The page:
Need to refresh your Dornish wine? Check out the Episode 7, Part 1 recap here.
I never got around to writing a recap for the final episode, if only because S07E06’s Beyond the Wall was such an insane thrill ride, I ran out of gas. If they’d ended the season there, it would’ve worked just as well, which makes S07E07’s The Dragon and the Wolf a bit anti-climactic. With a runtime of 1:20 it’s frankly bloated. The fun stuff begins in the second half, so that tiny spoiler aside, let’s jump in feet first, shall we?
Deep in the dim, cold halls of Winterfell, Sansa and Littlefinger brood over Jon’s raven telegram.
“He’s bent the knee,” says Sansa darkly.
“An alliance makes sense,” replies Littlefinger. Unable to resist the urge to twist the knife further in, he goes on to imply that Jon may have been swayed by the beauty of the Dragon Queen and suggest that he be dethroned. When Sansa objects, saying Arya would never stand for it, he tries to turn sister against sister. Maybe it’s the amount of time he’s spent in the frozen North, but this attempt to incept the idea of Arya as Lady of Winterfell is ridiculous, especially to Sansa, who knows that being the lady of a castle is the last thing Arya would ever want. Whatever failures Littlefinger has, he’s always been the master of discretion, but this attempt to manipulate Sansa seems obvious and ham-handed. Still, she says nothing, preferring to keep her own counsel. Here’s hoping she won’t get manipulated into a Stark vs. Stark showdown.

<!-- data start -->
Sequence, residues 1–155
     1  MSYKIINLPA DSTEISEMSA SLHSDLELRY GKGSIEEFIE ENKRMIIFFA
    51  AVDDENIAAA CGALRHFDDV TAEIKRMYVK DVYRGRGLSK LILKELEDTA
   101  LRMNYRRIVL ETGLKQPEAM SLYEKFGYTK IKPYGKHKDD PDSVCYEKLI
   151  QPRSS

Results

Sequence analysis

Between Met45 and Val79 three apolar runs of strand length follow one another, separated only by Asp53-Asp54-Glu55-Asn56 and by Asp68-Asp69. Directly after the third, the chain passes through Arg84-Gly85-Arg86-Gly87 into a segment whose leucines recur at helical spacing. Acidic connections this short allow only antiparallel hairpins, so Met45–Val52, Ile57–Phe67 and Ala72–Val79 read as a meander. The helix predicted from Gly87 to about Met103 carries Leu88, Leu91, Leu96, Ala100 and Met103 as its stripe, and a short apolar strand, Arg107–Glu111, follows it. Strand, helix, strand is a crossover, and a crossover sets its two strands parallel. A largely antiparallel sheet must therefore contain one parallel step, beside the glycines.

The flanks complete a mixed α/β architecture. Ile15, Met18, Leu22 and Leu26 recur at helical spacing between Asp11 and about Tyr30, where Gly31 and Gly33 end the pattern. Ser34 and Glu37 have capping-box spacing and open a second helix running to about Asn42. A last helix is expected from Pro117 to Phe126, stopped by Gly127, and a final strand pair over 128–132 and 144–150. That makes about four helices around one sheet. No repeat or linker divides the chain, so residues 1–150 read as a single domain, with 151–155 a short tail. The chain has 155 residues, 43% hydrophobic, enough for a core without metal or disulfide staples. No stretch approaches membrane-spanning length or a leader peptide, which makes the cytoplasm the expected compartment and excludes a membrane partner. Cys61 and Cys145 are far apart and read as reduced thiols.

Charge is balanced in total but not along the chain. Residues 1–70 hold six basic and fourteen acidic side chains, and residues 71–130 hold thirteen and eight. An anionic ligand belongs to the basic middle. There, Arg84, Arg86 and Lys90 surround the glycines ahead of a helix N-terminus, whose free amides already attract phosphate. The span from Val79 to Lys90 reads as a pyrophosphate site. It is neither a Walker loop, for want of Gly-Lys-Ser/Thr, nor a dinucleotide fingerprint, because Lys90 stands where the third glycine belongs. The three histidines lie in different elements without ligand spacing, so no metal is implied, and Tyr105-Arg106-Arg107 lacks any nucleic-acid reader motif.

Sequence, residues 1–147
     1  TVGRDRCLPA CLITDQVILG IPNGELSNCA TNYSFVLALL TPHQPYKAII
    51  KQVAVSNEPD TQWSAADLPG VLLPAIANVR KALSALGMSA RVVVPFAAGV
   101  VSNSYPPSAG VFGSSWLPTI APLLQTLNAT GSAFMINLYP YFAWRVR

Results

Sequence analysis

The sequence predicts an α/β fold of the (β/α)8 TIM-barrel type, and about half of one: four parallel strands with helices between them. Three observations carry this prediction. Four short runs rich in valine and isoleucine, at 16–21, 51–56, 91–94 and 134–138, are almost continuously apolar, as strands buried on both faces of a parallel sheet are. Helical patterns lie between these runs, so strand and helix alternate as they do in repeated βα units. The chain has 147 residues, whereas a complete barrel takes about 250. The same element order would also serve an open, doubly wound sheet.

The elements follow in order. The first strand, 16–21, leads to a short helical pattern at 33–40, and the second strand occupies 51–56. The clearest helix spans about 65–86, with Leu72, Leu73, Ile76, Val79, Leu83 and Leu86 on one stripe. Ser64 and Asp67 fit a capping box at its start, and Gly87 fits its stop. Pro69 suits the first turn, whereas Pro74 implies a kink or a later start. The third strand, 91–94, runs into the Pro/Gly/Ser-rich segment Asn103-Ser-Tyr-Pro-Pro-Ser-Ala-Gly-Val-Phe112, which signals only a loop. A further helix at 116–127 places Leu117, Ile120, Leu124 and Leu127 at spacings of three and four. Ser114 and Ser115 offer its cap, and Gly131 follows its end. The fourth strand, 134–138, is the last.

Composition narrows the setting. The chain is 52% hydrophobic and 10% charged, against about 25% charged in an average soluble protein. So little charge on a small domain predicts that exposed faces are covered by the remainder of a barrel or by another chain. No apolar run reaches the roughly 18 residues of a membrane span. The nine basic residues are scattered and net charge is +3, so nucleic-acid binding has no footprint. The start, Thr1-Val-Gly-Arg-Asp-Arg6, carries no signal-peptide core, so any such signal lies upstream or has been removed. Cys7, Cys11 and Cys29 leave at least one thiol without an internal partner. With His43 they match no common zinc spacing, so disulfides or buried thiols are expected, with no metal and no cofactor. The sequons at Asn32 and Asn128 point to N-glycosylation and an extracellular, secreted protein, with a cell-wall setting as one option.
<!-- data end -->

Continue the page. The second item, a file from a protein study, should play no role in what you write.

Also debating strategies, Daenerys and co. are back at Dragonstone, mapping out their itinerary to Winterfell and beyond. Ser Jorah suggests that she fly, Jon insists that she float. “I think it sends a better message,” he says. Dany agrees.
I’m skipping over the part where Theon approaches Jon have a heart to heart about divided loyalties and wanting to be the best version of himself, because it’s boring and necessary only for Theon to get permission to rescue his sister Yara. I don’t know about you, but anything involving the Greyjoys just seems boring and unnecessary, and if this is supposed to be the turning point for Theon, hooray, I don’t care. He’s still a despicable louse except now he’s a eunuch with sad puppy eyes.
Speaking of someone who used to have sad puppy eyes, Sansa is on the ramparts of Winterfell, looking grim and having a moment. As if she’s suddenly come to a decision, she turns to a guard, and commands that her sister be brought to her in the Great Hall, and strides off looking all imperious and cloaky. Cloaky is not a word, but I like it and I’m keeping it.
Arya walks nonchalantly into the Great Hall, where everyone is lined up with their helms and staves looking all foreboding and stuff. “Are you sure you want to do this?” she asks Sansa, presiding with Bran at her side.